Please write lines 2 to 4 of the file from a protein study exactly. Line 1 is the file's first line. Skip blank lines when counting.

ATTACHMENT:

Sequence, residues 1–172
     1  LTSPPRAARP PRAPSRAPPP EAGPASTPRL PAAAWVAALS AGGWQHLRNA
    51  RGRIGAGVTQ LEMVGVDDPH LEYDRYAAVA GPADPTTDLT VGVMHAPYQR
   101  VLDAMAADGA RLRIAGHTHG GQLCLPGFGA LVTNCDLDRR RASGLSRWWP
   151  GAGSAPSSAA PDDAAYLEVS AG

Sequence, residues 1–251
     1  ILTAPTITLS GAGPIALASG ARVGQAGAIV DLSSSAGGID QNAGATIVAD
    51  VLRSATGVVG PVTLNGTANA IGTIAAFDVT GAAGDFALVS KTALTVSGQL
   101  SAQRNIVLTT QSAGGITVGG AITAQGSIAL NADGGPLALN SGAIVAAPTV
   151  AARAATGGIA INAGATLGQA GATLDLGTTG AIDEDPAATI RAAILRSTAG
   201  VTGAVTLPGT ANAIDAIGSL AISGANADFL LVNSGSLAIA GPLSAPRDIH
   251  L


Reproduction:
     1  LTSPPRAARP PRAPSRAPPP EAGPASTPRL PAAAWVAALS AGGWQHLRNA
    51  RGRIGAGVTQ LEMVGVDDPH LEYDRYAAVA GPADPTTDLT VGVMHAPYQR
   101  VLDAMAADGA RLRIAGHTHG GQLCLPGFGA LVTNCDLDRR RASGLSRWWP